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The London restaurant industry has had a tough time since 2020. The challenges of COVID-19 are evolving and restaurant owners have had to evolve with them, but many are unsure how to ensure success in 2022.
Restaurant entrepreneur Ryan Bishti has some advice for London’s restaurant owners. Bishti is no stranger to overcoming pandemic-related challenges in the restaurant industry. His newest restaurant, The Windmill Soho, opened in July 2021 in the midst of the COVID-19 pandemic and is still thriving today. Likewise, his Knightsbridge restaurant, Restaurant Ours, opened during the pandemic despite the many changes the restaurant has had to adapt to over the past two years. Despite the challenges, both restaurants remain open and continue to serve guests. Their success relies on four key components that Bishti recommends restaurant owners implement to thrive in 2022.
#1 focus on the consumer
Every restaurant knows that customers keep the doors open. But COVID-19 has greatly reduced consumers’ desire to go out to restaurants; many feel it is dangerous and an unnecessary expense to do so.
To address consumer safety concerns, restaurant owners must take steps to increase consumer confidence in their restaurant safety. For example, displaying COVID-19 precautions taken by door staff and on social media can alert consumers to a restaurant’s commitment to safety.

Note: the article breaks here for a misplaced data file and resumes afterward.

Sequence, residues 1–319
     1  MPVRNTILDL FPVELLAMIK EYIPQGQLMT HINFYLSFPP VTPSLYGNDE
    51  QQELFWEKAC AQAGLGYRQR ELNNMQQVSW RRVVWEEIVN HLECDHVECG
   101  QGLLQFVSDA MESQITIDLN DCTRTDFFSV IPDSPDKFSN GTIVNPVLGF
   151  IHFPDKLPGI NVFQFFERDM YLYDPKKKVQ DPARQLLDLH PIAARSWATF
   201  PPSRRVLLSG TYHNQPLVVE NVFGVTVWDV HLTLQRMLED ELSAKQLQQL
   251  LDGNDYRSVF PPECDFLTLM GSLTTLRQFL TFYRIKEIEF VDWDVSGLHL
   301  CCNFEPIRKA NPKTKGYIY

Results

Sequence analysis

When it comes to persuading consumers to eat out, think of their reluctance to do what they might see as an unnecessary luxury. Bishti recommends giving them a reason to return to the restaurant. Remind them that restaurants can provide a space for connection and delicious food that a home cannot – exclusivity sells. The less crowded, more intimate environment resulting from COVID-19 seating restrictions and table arrangements can work to a restaurant’s advantage. For example, servers can learn customer names and create a warm culture that encourages consumers to return for the friendly staff, intimate atmosphere, and quality cuisine.
#2 Invest in your people
A significant problem facing the hospitality industry is a dwindling workforce. To keep restaurants thriving in 2022, Bishti notes that investing in staff is a must. But how does a restaurant keep staff when the cost of food, utilities, and service continues to rise? When possible, providing better wages and benefits will help encourage workers to stay. However, the reality is that workers are more likely to quit for reasons such as poor management and job stress than because of wages.
One of the top reasons restaurant workers leave the industry is mistreatment by consumers and management. Restaurant employees often need to enforce COVID-19 regulations and restrictions, so it’s critical that employees feel empowered and confident in implementing policies and mandates. One of Bishti’s suggestions is to give employees a clear hierarchy of actions and commands to refer to when a consumer situation escalates. The hierarchy should also provide instructions to employees on what to do when management fails to follow policies or abuses employees.